The Hidden Downside to “Taking Initiative”: Part 2

Part 2: How to Avoid the Hidden Pitfalls of “Taking Initiative”

As I mentioned in Part 1, while showing initiative is crucial at work, it is actually possible to show initiative in the wrong way. Whether your ambition, procrastination, or urge to help is leading you astray, here are some tips for how to avoid those pitfalls be more effective at showing initiative around the office.

1. Instead of taking initiative to impress the boss or learn new skills, put the team first.

Putting in extra work will be appreciated as long as it’s for the benefit of the team. If you are constantly asking for new tasks to improve your own prospects for a promotion or to get ahead for yourself, you are much more likely to accidentally become a nuisance to coworkers. Remember, training new talent creates work. Some people are happy to teach you how to help them. Some people are not. Look for the “teachers” in your office and always ask yourself if asking for extra work will actually benefit the person you are asking.

If you are part of an office where colleagues are fiercely territorial of their projects, remember that they may not appreciate you asking for one of their “fun” projects instead of helping with grunt work. It’s great to step up to work on a cool learning opportunity, but your coworker will be truly grateful if you offer to help with their less glamorous work too.

2. Staying late does not equal showing initiative: Instead, be intentional.

What is your goal? Will doing this work further that goal? Is your goal a healthy work-life balance? A promotion? Depending on your goals at different stages of your life, you should be showing different work philosophies. Are other employees leaving early not because they don’t work hard but because they have figured out a way to do tasks faster? If you can, use your colleagues to benchmark how fast and efficiently you do projects. Most people will be flattered if you take them aside and mention how you’ve noticed that they excel at x and ask them for tips.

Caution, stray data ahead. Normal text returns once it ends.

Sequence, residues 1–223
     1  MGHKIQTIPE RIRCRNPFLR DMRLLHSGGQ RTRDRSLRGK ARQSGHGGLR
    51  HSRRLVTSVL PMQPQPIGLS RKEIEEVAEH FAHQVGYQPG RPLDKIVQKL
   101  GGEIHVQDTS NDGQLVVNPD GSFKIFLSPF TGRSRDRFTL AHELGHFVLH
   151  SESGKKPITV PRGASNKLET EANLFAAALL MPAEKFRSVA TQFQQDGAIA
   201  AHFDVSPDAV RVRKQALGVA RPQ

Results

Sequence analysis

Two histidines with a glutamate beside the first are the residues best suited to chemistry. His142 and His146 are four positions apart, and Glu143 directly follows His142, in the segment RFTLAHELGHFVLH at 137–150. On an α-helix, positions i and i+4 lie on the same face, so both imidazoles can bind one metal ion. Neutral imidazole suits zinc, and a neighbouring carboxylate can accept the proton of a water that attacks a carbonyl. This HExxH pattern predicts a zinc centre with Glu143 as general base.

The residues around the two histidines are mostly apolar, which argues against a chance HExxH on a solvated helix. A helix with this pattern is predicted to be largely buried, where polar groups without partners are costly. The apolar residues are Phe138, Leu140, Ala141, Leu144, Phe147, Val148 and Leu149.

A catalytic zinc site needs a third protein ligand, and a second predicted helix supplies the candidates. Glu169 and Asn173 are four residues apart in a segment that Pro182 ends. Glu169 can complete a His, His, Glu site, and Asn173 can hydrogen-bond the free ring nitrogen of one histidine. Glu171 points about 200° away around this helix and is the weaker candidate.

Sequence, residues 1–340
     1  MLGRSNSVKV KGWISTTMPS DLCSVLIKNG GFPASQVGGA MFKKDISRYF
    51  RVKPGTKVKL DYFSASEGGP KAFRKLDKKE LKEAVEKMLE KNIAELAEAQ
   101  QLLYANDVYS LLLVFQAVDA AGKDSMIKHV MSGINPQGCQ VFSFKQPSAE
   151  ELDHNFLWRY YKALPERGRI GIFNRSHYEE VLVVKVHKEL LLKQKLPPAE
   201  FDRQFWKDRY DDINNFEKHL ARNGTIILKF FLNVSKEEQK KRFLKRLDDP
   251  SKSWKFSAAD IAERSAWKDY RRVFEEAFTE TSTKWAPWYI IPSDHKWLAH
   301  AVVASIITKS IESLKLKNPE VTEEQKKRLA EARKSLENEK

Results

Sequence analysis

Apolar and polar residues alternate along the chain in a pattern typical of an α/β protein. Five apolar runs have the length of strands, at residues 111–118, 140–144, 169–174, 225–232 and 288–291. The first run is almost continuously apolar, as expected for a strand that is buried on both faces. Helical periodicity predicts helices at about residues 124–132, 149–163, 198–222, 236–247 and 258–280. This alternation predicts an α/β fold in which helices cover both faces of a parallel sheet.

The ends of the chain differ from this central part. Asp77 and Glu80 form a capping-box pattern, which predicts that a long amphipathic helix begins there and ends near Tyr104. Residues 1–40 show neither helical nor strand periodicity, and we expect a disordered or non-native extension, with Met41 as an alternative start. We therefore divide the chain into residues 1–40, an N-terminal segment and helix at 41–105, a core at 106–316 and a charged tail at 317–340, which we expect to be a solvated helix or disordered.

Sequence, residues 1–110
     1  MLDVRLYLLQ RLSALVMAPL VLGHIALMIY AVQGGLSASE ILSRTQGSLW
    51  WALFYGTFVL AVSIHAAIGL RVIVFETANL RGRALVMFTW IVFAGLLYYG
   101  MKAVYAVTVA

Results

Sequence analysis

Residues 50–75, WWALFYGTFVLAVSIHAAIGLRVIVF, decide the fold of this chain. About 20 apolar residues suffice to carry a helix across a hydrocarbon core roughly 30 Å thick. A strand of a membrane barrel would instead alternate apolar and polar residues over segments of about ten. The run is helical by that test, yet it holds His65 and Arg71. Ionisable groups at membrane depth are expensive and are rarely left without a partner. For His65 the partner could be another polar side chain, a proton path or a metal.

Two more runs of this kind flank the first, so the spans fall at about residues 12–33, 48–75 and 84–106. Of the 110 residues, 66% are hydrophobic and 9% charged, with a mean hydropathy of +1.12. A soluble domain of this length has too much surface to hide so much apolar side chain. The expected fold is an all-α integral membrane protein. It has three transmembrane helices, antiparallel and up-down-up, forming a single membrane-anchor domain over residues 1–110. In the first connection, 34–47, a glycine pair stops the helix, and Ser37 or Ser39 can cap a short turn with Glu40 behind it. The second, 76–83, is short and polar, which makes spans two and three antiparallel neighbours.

3. More does not mean better: Know how to say no at work.

Most people aren’t in the habit of saying no at work. Many people are even afraid of saying “no”, feeling that if they say “no” they are jeopardizing their own career. It can be tricky to say no at work (sometimes it can definitely be impossible), but not saying no will inevitably leave you overwhelmed, taking away from your work priorities, your personal priorities, and your life priorities. Moreover, your boss is likely to think you lack good time management skills.

If saying no isn’t your strong suit, have a response ready. If you need to, practice saying no gracefully or at least asking for time to think about it before saying yes. Some people hate saying no to others. Some people hate saying “no” to themselves, for fear of admitting that something might be too much. If that is you- recognize that impulse as unhelpful. Change your default answer from “Yes” to “I’d love to, but let me check my schedule and get back to you before I say yes- I need to check my schedule to make sure I can keep all of my commitments”.

As Victor Hugo said, “Initiative is doing the right thing without being told.” Ultimately, you shouldn’t be afraid to show initiative. But know how to help, know your goals, and know how to say no. Keep the team first, be intentional, and don’t burn yourself out.

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